A working Grist Mill
Highlights • Mingus Mill- an historic "Grist" mill built in 1886 that's still functional today • Rehabilitated by the National Park Service in 1968 • Watch as the water powered, cast iron turbine churns corn into cornmeal by the "miller" • Cornmeal and other mill-related items can be found for sale in the mill house • Walk the path along the "millrace" as the water races towards the historic mill • Family-friendly atmosphere with easy access • Nice place for wildflowers in the spring & summer monthsThe Local ScoopMingus Mill is a conveniently located piece of Smoky Mountain history just off of U.S. highway 441 through Great Smoky Mountains National Park. We recommend this stop to the entire family. Take the short stroll from the very large parking area along Mingus Creek to where the mill sits. The fairly large building is powered by the water that rushes into the "millrace" from a diversion upstream. The path leads all the way to where this diversion occurs. As you walk up the millrace you'll notice how the wooden planks that makeup the siding have remained firmly in place over the years, considering it was built in 1886.... that's a long time. Although it was rehabilitated in 1968 by the National Park service, it is still an impressive sight to see. Stop in the mill house to chat with a local volunteer or "miller" that can tell you even more about the history of this place. You can even purchase mill-related items like actual cornmeal. The mill was used to make cornmeal as well as wheat flour that supplied the small community located near Mingus Creek with food. There are bathrooms located near the parking area for your convenience. Even if you pull into Mingus Mill for a stretch or an emergency bathroom break, this location has you covered. Hours of operation are from 9 am -5 pm (mid-March thru mid-November) and Mingus Mill is also open Thanksgiving weekend, offering folks that are traveling through to see their families, etc a chance for some history! If you have never stopped for Mingus Mill, we recommend doing so the next time you are in the Great Smoky Mountain area. Whether you're a visitor just passing through or a longtime native of this area, you might be presently surprised.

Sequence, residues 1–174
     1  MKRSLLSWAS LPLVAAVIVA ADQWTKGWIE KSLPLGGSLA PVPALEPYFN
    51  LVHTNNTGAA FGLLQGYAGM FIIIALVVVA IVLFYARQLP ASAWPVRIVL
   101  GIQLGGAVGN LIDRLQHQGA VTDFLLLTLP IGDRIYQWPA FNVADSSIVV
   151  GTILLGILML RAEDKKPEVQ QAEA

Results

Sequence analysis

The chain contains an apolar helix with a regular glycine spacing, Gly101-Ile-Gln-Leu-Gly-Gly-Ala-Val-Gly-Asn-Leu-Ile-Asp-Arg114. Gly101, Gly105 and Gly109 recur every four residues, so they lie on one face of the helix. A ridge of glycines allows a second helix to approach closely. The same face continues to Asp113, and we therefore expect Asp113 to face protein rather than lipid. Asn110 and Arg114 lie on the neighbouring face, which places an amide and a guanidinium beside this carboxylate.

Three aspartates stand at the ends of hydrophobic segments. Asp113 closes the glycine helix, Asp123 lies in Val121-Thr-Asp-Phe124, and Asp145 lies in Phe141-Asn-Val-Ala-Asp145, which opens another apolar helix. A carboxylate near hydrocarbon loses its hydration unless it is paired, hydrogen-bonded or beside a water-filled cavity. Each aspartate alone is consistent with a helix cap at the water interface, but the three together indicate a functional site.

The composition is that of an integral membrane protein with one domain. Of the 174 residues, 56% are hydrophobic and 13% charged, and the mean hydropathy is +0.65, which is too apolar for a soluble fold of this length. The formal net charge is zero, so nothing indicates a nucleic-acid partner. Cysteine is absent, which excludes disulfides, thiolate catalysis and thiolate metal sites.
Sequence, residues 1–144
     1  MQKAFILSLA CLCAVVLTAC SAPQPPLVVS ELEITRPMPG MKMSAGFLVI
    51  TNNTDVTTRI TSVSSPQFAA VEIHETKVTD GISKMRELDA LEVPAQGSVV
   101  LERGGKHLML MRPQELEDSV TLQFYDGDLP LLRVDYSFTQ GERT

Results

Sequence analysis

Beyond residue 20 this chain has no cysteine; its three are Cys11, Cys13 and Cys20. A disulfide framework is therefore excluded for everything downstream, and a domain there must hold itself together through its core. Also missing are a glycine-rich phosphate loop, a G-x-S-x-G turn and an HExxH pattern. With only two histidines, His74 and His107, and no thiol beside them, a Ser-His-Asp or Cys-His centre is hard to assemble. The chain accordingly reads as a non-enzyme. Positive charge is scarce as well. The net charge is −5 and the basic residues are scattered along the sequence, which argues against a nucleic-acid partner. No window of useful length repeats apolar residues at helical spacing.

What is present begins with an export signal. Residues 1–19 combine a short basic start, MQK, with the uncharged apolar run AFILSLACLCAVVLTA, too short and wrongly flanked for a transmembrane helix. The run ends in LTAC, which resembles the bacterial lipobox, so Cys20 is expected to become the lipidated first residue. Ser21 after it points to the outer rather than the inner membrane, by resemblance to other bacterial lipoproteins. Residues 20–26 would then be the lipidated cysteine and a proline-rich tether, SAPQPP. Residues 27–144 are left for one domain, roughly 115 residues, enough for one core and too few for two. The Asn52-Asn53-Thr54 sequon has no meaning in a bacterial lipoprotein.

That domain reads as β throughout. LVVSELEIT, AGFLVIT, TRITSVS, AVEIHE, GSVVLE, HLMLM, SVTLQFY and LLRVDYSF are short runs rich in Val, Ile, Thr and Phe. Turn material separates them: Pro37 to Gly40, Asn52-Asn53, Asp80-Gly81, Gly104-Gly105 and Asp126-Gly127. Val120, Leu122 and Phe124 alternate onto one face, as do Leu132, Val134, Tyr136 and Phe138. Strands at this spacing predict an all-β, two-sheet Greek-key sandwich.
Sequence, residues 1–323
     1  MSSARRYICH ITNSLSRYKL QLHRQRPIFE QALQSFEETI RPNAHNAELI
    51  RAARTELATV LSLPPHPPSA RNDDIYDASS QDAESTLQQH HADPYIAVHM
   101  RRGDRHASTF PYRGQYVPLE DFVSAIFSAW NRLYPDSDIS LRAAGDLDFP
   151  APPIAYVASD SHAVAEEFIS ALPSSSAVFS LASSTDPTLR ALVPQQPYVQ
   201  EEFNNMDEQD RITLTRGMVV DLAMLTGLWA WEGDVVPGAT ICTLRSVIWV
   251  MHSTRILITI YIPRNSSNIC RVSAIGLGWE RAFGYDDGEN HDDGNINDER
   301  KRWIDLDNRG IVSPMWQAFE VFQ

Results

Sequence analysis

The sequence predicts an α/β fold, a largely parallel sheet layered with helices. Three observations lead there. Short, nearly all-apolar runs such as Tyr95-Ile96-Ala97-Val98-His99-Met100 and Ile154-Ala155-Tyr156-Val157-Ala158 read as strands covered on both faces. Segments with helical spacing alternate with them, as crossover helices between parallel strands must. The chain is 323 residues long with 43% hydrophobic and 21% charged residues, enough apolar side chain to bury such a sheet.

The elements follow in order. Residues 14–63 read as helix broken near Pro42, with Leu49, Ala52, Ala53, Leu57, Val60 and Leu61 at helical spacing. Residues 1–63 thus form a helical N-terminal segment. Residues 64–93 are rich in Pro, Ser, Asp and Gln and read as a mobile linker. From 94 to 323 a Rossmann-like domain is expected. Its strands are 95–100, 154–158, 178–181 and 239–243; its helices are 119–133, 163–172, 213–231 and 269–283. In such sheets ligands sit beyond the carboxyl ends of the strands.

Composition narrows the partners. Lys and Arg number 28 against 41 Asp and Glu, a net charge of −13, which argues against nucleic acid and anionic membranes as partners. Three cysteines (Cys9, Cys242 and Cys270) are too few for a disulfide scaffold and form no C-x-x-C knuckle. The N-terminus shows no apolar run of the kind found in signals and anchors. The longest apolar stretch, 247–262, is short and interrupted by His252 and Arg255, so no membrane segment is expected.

ct2013991parkmingusmillsmokygristoldforestwoodenwaterhistoricmountainstennesseewatermillhistorymingus millgristmillhydrorusticcabinsmokeymountainlogmillhousetreesmoky mountainsaqueductold water millCindy Tiefenbrunncindy's Photophotographic Imagery.